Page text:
The film is subtle, understated, and quiet. It relies on dialogue more than on action or CGI effects. As such it is something of an anomaly, especially in the summer months. But Macdonald turns in a winning performance, believably progressing from a downtrodden lump of clay at the beginning to an independent thinking force to be reckoned with by the end. Khan is fascinatingly attractive and enticing as the serpent figure in this modern Garden of Eden story, in which the paradise of Agnes’s home is a prison that is much better lost. As the unsuspecting Adam/Louie, Denman manages to come off as sympathetic in the end, a husband whose faults were the result of ignorance rather than malevolence.
Despite these fine performances, the film does have some flaws. In the first place, it is hard to reconcile Agnes’s home situation with contemporary American life: Her husband seems like a serious version of Ralph Kramden of the Honeymooners, and her own aversion to her new iPhone is something one might expect from a 90-year-old, but hardly from anyone younger. It’s quite possible that some of these things are the result of adapting an older Argentinian film, but still, if that is the case, the adaptation should have been smoother. There is also at least one glaring chronological error: Agnes and Robert are scheduled to meet on Monday and Wednesday, but in a climactic scene, she is shown at his house in a rendezvous that makes her late for an Easter Sunday celebration at her home. Nobody caught that?
Ultimately these flaws don’t sink the film, and it is still worth your time, especially to see MacDonald’s outstanding performance. Three Tennysons for this one.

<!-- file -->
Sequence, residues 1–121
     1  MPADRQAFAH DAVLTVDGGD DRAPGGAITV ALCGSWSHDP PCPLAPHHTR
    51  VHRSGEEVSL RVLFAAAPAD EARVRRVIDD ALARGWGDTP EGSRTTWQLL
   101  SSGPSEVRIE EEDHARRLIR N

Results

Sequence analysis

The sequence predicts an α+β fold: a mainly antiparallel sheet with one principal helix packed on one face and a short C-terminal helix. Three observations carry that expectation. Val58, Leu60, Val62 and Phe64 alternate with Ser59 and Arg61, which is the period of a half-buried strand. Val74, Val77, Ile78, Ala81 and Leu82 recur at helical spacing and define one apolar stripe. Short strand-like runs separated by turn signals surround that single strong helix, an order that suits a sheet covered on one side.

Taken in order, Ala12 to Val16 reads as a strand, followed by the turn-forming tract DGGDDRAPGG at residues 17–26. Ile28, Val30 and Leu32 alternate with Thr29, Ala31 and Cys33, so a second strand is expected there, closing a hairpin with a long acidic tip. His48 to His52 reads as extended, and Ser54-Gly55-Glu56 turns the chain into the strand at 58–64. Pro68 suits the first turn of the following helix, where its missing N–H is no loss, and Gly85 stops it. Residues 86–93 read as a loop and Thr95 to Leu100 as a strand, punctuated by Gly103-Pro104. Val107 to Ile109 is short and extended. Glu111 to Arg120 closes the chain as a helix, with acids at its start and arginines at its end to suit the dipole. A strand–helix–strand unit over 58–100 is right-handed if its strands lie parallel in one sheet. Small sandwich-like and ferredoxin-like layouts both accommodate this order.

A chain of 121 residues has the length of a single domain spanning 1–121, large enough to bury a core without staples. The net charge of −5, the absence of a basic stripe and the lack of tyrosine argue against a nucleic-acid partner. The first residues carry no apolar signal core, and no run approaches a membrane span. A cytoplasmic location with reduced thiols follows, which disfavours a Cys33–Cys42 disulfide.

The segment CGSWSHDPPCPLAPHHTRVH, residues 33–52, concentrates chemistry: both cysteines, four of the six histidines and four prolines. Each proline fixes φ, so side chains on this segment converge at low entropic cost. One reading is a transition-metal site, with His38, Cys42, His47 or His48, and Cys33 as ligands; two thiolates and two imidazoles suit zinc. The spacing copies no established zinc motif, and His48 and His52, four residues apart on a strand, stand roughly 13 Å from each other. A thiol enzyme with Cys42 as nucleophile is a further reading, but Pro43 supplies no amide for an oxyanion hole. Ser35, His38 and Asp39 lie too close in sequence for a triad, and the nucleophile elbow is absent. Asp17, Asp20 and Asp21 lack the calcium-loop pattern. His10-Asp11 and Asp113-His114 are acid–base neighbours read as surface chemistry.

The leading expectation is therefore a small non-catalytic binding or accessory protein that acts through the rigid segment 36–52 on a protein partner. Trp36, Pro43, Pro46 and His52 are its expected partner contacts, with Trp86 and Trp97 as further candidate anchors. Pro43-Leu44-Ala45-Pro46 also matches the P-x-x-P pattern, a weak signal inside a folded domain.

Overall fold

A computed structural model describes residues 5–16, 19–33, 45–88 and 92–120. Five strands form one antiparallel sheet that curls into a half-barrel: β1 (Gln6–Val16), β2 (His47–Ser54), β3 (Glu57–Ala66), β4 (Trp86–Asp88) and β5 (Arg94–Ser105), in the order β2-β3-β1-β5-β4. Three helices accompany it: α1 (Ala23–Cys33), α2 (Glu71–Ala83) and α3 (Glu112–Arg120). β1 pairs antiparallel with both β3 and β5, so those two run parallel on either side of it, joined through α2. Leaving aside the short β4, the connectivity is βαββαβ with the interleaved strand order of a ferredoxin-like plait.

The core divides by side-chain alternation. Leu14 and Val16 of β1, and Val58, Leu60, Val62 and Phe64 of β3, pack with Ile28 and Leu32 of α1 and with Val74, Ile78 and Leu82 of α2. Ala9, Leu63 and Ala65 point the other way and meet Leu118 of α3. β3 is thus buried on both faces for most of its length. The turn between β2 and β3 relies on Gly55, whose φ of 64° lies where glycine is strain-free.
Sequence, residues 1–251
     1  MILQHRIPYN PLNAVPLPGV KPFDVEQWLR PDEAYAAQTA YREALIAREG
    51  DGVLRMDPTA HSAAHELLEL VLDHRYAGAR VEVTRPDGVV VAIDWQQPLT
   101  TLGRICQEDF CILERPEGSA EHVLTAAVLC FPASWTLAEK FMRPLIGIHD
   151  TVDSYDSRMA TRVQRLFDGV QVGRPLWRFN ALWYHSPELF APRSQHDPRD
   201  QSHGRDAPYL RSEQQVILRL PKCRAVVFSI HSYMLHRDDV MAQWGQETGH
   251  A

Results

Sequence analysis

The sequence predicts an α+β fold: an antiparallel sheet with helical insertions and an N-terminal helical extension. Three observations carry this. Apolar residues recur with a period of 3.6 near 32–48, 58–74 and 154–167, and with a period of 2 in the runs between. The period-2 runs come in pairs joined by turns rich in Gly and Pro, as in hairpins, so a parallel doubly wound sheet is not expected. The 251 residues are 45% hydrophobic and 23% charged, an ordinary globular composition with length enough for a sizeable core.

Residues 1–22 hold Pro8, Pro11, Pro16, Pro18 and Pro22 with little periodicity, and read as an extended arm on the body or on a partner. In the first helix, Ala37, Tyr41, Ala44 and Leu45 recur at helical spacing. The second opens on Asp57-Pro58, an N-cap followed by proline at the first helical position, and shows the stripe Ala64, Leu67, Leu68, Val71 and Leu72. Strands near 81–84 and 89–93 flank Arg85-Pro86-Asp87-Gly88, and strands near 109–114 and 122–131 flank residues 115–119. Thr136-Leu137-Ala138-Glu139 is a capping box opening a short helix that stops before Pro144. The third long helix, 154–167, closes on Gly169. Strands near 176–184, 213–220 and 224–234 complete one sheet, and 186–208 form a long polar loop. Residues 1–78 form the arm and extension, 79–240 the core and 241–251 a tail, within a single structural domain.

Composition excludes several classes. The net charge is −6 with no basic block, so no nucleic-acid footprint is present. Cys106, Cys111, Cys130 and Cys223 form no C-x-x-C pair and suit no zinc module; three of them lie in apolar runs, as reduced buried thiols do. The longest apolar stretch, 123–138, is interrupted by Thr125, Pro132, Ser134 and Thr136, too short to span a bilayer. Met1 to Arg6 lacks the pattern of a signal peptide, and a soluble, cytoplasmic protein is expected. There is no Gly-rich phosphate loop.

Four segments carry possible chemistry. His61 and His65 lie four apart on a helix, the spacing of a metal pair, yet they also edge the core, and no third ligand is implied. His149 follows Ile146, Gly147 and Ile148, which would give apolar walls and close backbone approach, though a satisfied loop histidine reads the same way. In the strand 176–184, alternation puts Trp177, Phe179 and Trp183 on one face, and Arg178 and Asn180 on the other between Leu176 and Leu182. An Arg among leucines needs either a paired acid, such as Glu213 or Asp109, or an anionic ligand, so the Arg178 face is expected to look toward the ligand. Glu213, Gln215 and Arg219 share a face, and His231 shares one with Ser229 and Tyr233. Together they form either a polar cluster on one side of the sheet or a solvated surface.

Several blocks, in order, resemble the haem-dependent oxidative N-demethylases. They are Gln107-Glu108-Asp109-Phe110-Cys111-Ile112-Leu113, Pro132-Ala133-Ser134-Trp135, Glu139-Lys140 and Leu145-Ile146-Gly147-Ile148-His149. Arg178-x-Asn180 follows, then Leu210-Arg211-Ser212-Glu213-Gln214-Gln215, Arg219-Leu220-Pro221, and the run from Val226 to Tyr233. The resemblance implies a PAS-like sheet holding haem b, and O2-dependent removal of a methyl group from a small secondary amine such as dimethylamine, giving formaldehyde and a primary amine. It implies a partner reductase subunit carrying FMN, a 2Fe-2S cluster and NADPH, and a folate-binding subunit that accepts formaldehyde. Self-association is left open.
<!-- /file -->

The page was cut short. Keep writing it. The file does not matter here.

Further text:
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When Sir Galahad arrives in Camelot to fulfill his destiny, the presence of Lancelot’s illegitimate son disturbs Queen Guinevere. But the young knight’s vision of the Holy Grail at Pentecost inspires the entire fellowship of the Round Table to rush off in quest of Christendom’s most holy relic. But as the quest gets under way, Sir Gawain and Sir Ywain are both seriously wounded, and Sir Safer and Sir Ironside are killed by a mysterious White Knight, who claims to impose rules upon the quest. And this is just the beginning. When knight after knight turns up dead or gravely wounded, sometimes at the hands of their fellow knights, Gildas and Merlin begin to suspect some sinister force behind the Grail madness, bent on nothing less than the destruction of Arthur and his table. They begin their own quest: to find the conspirator or conspirators behind the deaths of Arthur’s good knights. Is it the king’s enigmatic sister Morgan la Fay? Could it be Arthur’s own bastard Sir Mordred, hoping to seize the throne for himself? Or is it some darker, older grievance against the king that cries out for vengeance? Before Merlin and Gildas are through, they are destined to lose a number of close comrades, and Gildas finds himself finally forced to prove his worth as a potential knight, facing down an armed and mounted enemy with nothing less than the lives of Merlin and his master Sir Gareth at stake.